This TWG will review measures implemented in 2018 and identify potential measures for the 2019 season. They will also contribute to identifying measures to rebuild wild Chinook stocks, prioritizing those of greatest importance to SRKW, keeping in mind the objectives of the DFO’s wild salmon policy.
Issue 2: Identification and development of proposed sanctuaries
This TWG will advance feasibility work on one or more SRKW sanctuaries—those being areas where boundaries to define where vessel traffic activity will be restricted or permitted within sub-areas of CH
This TWG will review the effectiveness of 2018 measures, and identify those for 2019 including extension of slowdown measures. It will also identify infrastructure required to effectively monitor compliance and education promotion to support the measures.
Issue 4: Vessel noise—general noise measures
This TWG will identify noise reduction targets and options for quiet-vessel design and other noise reduction measures for commercial vessels and ferries. It will also identify measures to reduce noise impacts of commercial whale watching and recreational vessels.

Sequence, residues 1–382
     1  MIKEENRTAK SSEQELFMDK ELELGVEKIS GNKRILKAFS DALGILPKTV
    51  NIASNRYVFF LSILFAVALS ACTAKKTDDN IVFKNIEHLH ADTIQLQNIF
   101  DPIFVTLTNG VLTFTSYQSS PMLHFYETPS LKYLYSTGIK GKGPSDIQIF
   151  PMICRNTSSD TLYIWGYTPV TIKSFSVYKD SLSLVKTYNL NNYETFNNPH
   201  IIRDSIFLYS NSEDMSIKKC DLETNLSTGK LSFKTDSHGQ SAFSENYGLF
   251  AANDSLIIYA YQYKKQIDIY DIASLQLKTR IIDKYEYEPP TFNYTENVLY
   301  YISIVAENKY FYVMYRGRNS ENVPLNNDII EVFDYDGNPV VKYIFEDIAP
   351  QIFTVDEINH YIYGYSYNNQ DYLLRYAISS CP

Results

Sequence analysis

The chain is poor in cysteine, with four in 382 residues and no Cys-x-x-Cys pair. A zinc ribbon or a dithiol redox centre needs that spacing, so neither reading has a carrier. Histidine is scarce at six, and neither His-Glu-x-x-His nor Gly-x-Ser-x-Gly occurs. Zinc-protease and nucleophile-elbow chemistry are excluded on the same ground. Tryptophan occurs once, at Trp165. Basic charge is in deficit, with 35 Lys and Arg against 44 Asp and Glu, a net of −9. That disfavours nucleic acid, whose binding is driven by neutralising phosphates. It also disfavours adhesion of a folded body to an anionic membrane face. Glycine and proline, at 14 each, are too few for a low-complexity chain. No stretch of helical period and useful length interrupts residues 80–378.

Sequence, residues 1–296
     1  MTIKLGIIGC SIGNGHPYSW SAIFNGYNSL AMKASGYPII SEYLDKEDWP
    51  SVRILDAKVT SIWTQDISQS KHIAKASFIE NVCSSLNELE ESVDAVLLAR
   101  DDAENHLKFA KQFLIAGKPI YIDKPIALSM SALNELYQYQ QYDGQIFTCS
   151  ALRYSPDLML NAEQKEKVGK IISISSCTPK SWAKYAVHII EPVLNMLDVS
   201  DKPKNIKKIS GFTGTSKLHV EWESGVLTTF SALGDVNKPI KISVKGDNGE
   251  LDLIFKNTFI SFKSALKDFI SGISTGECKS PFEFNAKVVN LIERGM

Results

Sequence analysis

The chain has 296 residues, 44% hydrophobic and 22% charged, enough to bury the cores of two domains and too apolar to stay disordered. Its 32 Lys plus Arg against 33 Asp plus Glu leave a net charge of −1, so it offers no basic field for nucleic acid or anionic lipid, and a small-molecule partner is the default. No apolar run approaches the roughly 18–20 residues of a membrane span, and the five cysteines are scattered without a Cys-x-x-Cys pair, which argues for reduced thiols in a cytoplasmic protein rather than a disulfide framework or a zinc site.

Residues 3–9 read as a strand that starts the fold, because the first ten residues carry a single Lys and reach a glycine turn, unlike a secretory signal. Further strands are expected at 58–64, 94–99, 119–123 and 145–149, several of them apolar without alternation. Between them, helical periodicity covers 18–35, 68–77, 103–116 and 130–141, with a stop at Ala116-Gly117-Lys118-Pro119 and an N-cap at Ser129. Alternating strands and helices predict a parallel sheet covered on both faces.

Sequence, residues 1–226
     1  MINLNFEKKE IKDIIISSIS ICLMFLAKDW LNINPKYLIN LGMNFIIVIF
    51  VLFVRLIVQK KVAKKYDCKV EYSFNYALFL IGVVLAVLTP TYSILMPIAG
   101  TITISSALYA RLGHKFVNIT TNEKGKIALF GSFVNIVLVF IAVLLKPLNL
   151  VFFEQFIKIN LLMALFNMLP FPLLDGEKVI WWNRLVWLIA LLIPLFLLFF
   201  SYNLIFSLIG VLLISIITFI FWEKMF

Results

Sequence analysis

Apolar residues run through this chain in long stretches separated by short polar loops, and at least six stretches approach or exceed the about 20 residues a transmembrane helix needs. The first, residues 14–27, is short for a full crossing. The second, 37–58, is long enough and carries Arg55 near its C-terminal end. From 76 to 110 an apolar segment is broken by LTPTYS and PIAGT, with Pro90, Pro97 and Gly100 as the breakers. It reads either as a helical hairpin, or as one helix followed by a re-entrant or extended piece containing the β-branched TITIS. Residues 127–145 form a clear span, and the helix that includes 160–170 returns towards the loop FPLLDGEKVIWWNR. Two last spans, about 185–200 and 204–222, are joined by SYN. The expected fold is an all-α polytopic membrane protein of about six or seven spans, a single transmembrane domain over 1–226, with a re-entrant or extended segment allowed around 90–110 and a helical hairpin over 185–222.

Issue 5: Contaminants
This TWG will develop a framework to assess effectiveness of existing controls on contaminants affecting SRKW. It will also identify key contaminants and evaluate contribution of sources of contaminant loadings to SRKW, their habitat, and their prey. The TWG will develop recommendations for additional measures to address those contaminants.